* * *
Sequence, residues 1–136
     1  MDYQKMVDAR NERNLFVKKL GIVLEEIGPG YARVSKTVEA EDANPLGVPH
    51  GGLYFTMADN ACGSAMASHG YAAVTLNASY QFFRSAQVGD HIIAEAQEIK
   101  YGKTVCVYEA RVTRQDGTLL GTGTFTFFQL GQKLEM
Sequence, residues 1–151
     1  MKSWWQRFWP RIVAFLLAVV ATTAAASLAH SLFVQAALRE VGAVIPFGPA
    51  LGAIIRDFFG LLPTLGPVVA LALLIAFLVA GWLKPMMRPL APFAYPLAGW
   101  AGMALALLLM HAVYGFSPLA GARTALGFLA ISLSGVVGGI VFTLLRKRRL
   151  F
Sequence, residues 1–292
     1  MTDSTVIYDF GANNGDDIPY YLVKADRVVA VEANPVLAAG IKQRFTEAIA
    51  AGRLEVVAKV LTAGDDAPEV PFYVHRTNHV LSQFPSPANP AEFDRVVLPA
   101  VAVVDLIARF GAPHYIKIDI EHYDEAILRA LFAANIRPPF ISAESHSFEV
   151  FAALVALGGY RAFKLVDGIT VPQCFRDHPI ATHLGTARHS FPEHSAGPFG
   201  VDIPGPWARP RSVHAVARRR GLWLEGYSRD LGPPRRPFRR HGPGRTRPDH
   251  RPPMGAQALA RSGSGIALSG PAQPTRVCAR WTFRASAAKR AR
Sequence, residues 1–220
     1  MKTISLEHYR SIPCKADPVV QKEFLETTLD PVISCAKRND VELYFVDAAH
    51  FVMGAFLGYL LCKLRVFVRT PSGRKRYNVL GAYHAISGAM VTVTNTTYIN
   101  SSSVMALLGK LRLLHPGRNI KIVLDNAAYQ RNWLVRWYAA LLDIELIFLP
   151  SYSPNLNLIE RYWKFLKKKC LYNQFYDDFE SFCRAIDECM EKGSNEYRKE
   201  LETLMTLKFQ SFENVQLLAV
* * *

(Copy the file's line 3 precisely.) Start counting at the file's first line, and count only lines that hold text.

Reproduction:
    51  GGLYFTMADN ACGSAMASHG YAAVTLNASY QFFRSAQVGD HIIAEAQEIK